The revolt of China’s Twittering class via @ethanz

“Twitter has become a powerful tool for Chinese citizens as they increasingly play a role in reporting local news in their communities. But the social revolution brought by microblogging might be even more important than the communication revolution. Indeed, here Chinese Twitter users lead the world, using it for everything from social resistance, civic investigation, and monitoring public opinion, to creating black satire, ‘organizing without organizations’ in the Guangdong anti-incineration movement, and mailing postcards to prisoners of conscience….

“Twitter political activism in China challenges the simplistic yet widespread assumption that social media in the hands of activists can lead swiftly to mass mobilization and social change. Instead, these information-sharing tools and channels promote more subtle social progress.

“That subtlety reflects the distinction between macro-politics and micro-politics. Macro-politics is structural, whereas micro-politics is daily. Changes in the micro-political system do not necessarily lead to an adjustment in the macro structure, particularly in hyper-controlled political systems like China’s. But if small units are well organized, they can greatly improve the well-being of society as a whole, bit by bit, by working at the micro level. ‘Micro-information’ and ‘micro-exchange’ can push forward real change.

“Why is micro-power so important? In the past, only a few highly motivated people engaged in political activism; the masses took almost no initiative. Passionate people did not understand why the public seemed unconcerned about their efforts. Today, highly motivated people can lower the threshold for action so that people with less passion join their efforts.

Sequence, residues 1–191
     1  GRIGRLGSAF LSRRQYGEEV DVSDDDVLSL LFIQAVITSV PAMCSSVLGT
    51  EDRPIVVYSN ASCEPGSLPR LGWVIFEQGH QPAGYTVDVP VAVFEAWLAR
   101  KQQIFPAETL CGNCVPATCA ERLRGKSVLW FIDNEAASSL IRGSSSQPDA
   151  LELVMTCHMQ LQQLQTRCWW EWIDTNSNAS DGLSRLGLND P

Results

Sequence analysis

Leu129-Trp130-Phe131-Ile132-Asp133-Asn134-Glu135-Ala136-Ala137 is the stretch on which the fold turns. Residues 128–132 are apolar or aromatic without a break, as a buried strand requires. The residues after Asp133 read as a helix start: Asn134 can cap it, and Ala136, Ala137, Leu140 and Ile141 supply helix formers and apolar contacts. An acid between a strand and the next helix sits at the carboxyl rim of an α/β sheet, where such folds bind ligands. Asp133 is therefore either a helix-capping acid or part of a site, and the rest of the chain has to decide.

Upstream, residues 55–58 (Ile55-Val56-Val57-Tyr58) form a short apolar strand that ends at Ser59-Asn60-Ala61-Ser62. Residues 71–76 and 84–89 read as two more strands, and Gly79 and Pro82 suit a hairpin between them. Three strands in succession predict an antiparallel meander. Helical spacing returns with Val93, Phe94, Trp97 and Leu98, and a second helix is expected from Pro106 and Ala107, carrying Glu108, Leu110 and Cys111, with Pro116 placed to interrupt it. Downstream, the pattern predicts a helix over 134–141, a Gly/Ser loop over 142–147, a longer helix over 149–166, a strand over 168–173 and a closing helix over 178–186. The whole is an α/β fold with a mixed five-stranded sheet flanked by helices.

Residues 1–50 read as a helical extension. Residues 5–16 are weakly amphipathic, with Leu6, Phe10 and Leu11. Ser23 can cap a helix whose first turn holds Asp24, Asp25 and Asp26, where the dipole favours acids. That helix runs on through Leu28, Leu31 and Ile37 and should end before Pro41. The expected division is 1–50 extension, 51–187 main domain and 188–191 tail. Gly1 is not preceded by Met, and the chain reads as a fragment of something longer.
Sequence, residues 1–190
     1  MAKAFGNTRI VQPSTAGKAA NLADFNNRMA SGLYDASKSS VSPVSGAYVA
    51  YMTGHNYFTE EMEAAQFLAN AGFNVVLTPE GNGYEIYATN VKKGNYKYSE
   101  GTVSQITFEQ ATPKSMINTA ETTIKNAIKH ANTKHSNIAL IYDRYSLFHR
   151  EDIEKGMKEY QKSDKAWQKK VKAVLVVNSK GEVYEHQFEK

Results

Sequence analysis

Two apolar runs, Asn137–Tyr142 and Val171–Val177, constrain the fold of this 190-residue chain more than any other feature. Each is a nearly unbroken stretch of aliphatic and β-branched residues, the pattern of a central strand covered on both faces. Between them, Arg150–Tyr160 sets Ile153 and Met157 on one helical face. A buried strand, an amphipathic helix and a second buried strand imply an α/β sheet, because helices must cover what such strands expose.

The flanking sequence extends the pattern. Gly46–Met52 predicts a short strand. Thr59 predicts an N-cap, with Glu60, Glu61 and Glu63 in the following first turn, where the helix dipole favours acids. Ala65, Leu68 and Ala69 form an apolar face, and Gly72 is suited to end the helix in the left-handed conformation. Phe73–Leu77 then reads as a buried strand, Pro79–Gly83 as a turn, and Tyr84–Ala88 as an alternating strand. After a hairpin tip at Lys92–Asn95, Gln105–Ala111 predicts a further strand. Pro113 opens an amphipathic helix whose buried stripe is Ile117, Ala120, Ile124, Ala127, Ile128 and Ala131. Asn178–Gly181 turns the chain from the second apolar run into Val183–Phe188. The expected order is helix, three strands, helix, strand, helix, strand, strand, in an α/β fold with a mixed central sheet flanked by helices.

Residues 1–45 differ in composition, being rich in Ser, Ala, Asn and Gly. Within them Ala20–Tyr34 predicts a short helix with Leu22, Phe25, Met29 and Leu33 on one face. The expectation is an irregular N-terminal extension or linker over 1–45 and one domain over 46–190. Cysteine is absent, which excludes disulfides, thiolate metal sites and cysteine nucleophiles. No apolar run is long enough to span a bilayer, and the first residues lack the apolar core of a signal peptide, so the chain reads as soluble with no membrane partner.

Currently, the Chinese Twittersphere has three prominent features: First, as China’s rulers strengthen their censorship efforts, Twitter has become highly politicized. Moreover, Twitters brings opinion leaders together around one virtual table, attracting a lot of ‘new public intellectuals’ and ‘rights advocates,’ as well as veterans of civil rights movements and exiled dissidents. Its influence on Chinese cyberspace and traditional media is the result of this grouping.

“Finally, Twitter can be used as a mobilizing tool in China. Recent years have seen an explosion of activities indicating that Twitter has become the coordinating platform for many campaigns asserting citizens’ rights. With the proliferation of Twitter clones in China (all the major portals now offer microblog services), social movements in China are getting a long-term boost.”

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